-Nikon D750 (backup) and Nikon D850

- Nikon 24-70 2.8 VR

- Nikon 135mm f/2 Defocus Ring

- Nikon 35mm 1.4

- Tamron 150-600 f/5 VC

- Tamron 15-30 2.8 VC

-  Nikon SB910 Flash

-  Tamron Macro 90mm 1:1 2.8 VC

- Nikon 85mm 1.4D (old version)

How do you get such crisp and sharp photos?

A great deal of sharpness comes from the lens you choose to use. Cheap lenses will not give you sharp images, so invest a little more in your lenses if you want sharp images. When considering a lens purchase, read reviews and pay special attention to comments about sharpness. Prime lenses (that don’t zoom) are generally sharper than zoom lenses. Zoom lenses that have a constant aperture setting tend to be sharper than those with variable aperture settings.

I rarely use a lens “wide open” at it’s lowest aperture number. That’s usually where it is the least sharp. For instance, with a 50mm 1.4 lens, you want to try and stay around 1.8 unless you need the light. So then why buy a 1.4 lens instead of a 1.8 lens? Because the overall image quality is better.

I generally use the center focus point on my camera body. I focus on my subject – the eyes if my subject has eyes (most do!) – and then recompose the image the way I want it to look. If I am working close up or at a very shallow depth of field, I will use other focus points. I only use cross-type focus points, as they are the most accurate.

I’m careful to keep my shutter speed above 1/focal length. So for a 200mm lens, that would be 1/200th. However, if you know that you are a person who moves a lot while shooting, you might find that’s not enough and then you want to bump it up a bit if you want to be assured of a sharp photo. Using lenses with image stabilization changes the rules a bit. I will go as low as 1/60 with an image stabilized lens if my subject is not moving. Images stabilized lenses will cost you more, but they really help with sharpness.

How do you process your photos?

I sort the keepers from the tossers, then color/density correct, and convert from RAW to JPEG in Adobe Lightroom. Tweak in Photoshop "only" if necessary. I use a few Photoshop actions, but I mostly use actions and Lightroom presets I developed to fit my style of shooting and processing. Mainly utilizing dodging and burning as I would when developing film (darkening and lightening).  I'm pretty old school and still physically attach filters onto the lens itself. Not that software filters are bad, I just prefer to not use them. I rarely crop photos and truly believe that a photographer should strive to get everything right "in camera" out in the field, rather than behind your computer monitor. Why spend all that time in the field, and then spend another hour correcting the photo in a chair? Makes zero sense. That is not photography.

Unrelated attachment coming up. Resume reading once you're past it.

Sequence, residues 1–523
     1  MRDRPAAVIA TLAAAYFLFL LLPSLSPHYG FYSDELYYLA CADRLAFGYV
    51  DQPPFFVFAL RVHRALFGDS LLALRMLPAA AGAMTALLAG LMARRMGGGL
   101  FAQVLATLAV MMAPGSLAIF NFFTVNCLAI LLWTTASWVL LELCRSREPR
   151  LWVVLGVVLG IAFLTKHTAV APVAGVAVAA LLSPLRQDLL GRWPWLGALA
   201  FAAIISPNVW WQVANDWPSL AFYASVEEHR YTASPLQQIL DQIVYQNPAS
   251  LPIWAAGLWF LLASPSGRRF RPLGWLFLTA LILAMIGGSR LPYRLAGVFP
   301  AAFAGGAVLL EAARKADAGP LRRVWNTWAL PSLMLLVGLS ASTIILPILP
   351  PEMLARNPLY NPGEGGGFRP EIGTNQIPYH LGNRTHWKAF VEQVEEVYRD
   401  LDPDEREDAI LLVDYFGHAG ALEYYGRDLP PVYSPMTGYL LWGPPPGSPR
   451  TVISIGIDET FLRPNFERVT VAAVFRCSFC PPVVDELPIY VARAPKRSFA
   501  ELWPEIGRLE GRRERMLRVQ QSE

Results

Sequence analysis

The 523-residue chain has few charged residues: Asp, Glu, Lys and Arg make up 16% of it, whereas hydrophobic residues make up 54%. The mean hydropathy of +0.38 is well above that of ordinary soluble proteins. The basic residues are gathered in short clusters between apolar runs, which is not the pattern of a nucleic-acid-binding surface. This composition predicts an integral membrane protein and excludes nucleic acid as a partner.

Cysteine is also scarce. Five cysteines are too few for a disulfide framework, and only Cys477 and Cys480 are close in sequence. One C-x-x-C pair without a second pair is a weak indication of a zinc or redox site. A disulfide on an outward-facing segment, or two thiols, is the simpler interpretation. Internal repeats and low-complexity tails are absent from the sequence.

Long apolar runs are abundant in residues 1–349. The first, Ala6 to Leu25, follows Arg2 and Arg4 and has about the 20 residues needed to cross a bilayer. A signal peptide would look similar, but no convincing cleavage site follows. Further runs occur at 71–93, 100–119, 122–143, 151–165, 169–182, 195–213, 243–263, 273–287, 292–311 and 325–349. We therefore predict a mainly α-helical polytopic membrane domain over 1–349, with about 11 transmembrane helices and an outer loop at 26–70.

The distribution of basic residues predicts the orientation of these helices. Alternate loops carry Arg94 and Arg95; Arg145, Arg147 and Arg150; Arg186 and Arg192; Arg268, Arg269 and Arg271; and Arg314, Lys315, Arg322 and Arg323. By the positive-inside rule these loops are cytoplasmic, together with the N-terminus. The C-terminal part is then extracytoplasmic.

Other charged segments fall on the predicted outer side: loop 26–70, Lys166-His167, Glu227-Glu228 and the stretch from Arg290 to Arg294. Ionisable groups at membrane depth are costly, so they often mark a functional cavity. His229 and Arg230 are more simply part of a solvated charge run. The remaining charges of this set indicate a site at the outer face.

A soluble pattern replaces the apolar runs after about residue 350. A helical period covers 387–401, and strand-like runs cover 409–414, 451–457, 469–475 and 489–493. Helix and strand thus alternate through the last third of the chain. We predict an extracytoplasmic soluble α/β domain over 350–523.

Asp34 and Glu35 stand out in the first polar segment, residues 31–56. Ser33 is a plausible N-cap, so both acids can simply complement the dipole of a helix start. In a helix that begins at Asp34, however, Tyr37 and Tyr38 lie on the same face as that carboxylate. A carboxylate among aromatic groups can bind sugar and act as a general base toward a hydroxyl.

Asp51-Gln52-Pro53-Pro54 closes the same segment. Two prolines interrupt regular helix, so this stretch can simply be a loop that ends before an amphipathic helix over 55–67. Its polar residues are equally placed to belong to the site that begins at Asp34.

I am not big on commercial photo actions and heavy image processing. I prefer rather to let the photograph itself take center stage - not the processing.

Why do you shoot a lot of photos in black and white? 

It is my favorite format to shoot in, and also suits any type of photography such as portraits, landscapes, architecture and so on.  B+W also adapts well to all lighting situations. For me, B+W is just more moody in low light situations and a lot more moving. I also do not find a lot of distractions with black and white, like I do with color photography. B+W is raw, stripped and most of all - honest. I find it is the best way to express myself or whatever emotion I am trying to convey through my photos. 

What gear do you bring with you on your wedding jobs or travel photo assignments?

Quite simply with me, less is better. I absolutely hate carrying stuff on my travels, on the job or anywhere in general. On all of my wedding jobs or even on travel jobs I bring absolutely no lighting gear. I really utilize natural light everywhere I go when I shoot. That's just my style, and it works for me. For weddings I usually have 2 to 3 lenses, my backup camera and my main camera. All in one messenger bag. With travel photo assignments, that is a little different. If I have my car, then it is easier to have the Pelican case loaded up with my lenses, and one camera hiking backpack. In my backpack there is usually 3 lenses, sometimes just 2. Really depends where I am going to or what the plan is to photograph that day. Because I sure as hell do not want to carry a camera in my bag, 150-600 lens, 14-30, 24-70 and whatever in there all at the same time. Way too heavy for hiking. So long story short, I like to travel light. Less is better. It also forces you to use what you have when making photos. Instead of having so many choices and doubting yourself, "Should I switch, maybe....hmmmm." Just make the shot. Even for vacation when flying somewhere, one body, and maybe 2 lenses.